AIMPLAS research: thermoplastic composites for vehicle batteries could improve both energy efficiency and recycling rates
The mobility and transport sector is currently responsible for a quarter of all greenhouse gas (GHG) emissions. Strongly encouraged by legislation and market demand, this industry has now started to make the shift towards vehicle electrification, which is expected to contribute significantly to reducing GHG emissions. But it also involves a number of challenges, including battery autonomy.
In this context AIMPLAS, the Plastics Technology Centre, is developing the VETERIA21 project as part of a collaboration agreement with the Valencian Regional Government’s Ministry of Innovation, Universities, Science and Digital Society. Together, they will provide funding through grants for technology centres in order to carry out innovation projects in 2021 in collaboration with companies within the framework of smart specialisation.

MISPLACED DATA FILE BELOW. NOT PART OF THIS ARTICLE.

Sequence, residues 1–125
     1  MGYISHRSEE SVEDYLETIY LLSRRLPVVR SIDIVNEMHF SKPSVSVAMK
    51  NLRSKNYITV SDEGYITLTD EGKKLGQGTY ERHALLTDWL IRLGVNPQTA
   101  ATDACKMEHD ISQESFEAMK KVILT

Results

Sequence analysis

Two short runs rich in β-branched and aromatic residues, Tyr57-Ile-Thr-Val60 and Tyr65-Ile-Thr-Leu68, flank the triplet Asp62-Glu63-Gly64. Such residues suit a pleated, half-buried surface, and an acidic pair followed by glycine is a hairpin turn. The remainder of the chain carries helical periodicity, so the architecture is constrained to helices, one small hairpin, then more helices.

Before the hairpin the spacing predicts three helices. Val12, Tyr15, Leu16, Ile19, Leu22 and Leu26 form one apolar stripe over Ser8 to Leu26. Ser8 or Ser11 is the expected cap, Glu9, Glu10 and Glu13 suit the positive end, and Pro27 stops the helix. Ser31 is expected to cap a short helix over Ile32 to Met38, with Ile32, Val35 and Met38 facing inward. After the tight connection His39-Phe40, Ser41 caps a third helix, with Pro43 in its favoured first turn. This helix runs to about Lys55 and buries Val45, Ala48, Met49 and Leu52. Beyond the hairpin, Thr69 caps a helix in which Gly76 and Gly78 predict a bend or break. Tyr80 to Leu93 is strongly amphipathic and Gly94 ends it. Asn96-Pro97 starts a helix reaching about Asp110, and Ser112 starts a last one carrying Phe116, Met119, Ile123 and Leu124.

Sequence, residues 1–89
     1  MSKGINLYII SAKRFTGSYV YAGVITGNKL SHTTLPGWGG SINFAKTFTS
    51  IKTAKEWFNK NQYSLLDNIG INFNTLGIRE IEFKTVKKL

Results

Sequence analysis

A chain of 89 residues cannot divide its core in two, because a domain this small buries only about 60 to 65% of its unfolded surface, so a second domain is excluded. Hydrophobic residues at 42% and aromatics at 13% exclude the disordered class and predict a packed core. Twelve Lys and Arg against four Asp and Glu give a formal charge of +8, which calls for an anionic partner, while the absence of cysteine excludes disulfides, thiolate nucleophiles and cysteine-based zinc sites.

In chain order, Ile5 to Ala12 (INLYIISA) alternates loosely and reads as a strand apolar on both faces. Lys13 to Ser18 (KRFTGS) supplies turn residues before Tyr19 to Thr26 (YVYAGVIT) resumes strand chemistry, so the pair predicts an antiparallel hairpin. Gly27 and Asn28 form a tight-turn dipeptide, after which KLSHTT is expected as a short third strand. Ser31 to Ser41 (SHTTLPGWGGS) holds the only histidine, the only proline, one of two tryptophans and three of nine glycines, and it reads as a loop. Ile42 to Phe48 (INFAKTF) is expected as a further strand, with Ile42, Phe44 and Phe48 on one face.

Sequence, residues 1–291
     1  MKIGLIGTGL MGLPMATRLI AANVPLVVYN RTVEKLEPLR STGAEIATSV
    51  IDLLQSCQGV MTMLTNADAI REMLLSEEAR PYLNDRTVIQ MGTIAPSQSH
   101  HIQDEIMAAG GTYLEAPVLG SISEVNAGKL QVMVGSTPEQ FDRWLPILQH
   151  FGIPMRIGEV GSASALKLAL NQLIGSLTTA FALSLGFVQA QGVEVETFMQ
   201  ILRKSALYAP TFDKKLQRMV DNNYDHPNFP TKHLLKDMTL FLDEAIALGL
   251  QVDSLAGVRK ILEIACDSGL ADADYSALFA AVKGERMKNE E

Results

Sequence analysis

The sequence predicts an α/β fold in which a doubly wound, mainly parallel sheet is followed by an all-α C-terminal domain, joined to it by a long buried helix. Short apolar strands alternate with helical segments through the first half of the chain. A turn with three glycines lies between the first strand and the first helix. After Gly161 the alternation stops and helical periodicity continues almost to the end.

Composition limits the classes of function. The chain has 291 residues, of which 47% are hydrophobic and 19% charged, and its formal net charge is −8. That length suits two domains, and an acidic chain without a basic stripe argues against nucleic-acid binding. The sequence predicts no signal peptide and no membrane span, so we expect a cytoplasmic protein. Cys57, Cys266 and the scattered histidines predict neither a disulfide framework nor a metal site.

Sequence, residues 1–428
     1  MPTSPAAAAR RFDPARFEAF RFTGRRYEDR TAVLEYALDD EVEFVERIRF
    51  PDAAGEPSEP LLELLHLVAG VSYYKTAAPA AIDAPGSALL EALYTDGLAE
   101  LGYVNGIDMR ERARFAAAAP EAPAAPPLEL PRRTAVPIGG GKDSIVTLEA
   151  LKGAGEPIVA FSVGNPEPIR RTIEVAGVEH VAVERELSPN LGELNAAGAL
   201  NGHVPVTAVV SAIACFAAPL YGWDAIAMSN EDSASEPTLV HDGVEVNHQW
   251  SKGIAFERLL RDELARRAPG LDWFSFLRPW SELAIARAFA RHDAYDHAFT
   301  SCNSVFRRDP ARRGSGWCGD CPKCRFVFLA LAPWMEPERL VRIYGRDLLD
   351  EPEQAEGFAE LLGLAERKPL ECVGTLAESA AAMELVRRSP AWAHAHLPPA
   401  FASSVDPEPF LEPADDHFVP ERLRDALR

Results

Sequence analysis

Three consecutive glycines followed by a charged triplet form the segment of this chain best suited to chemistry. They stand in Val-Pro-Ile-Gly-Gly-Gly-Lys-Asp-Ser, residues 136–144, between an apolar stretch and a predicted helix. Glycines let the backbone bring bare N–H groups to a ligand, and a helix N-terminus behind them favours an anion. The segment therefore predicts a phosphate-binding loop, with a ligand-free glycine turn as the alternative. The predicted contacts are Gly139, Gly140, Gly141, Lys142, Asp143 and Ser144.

The aim of the project is to optimise the transformation processes of thermoplastic composites in order to improve their properties so they can replace metals in electric vehicle battery casings. This will reduce battery weight and, therefore, battery consumption, while providing a sustainable new solution based on circular economy criteria.
Currently made of stainless steel and aluminium, li-ion battery modules are big and heavy: they account for 20 to 30 % of vehicle weight. In general, 73 % of vehicle weight corresponds to the metal components. Thermoset composites are therefore a lightweight alternative for battery casings. However, their recyclability and production rate work against them. For this reason, thermoplastic composites represent a good alternative.
Thermoplastic composites have become a trend in vehicle weight reduction for several reasons other than their reduced weight:
- mechanical resistance
- adaptability to different manufacturing processes
- short manufacturing cycles
- ability to be combined with other materials
- easy recyclability and
- adaptability to the circular economy.